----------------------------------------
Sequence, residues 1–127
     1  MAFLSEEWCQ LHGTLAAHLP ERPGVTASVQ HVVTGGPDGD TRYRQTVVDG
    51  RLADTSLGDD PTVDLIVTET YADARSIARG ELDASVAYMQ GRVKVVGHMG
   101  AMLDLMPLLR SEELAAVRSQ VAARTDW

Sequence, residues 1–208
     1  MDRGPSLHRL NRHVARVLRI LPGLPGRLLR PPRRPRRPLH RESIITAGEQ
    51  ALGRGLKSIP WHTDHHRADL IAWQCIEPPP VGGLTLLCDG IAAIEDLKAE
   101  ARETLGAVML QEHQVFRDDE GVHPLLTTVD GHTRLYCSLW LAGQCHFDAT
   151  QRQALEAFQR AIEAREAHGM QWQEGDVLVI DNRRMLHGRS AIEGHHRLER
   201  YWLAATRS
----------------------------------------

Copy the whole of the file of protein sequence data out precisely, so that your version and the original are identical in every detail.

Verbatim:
Sequence, residues 1–127
     1  MAFLSEEWCQ LHGTLAAHLP ERPGVTASVQ HVVTGGPDGD TRYRQTVVDG
    51  RLADTSLGDD PTVDLIVTET YADARSIARG ELDASVAYMQ GRVKVVGHMG
   101  AMLDLMPLLR SEELAAVRSQ VAARTDW

Sequence, residues 1–208
     1  MDRGPSLHRL NRHVARVLRI LPGLPGRLLR PPRRPRRPLH RESIITAGEQ
    51  ALGRGLKSIP WHTDHHRADL IAWQCIEPPP VGGLTLLCDG IAAIEDLKAE
   101  ARETLGAVML QEHQVFRDDE GVHPLLTTVD GHTRLYCSLW LAGQCHFDAT
   151  QRQALEAFQR AIEAREAHGM QWQEGDVLVI DNRRMLHGRS AIEGHHRLER
   201  YWLAATRS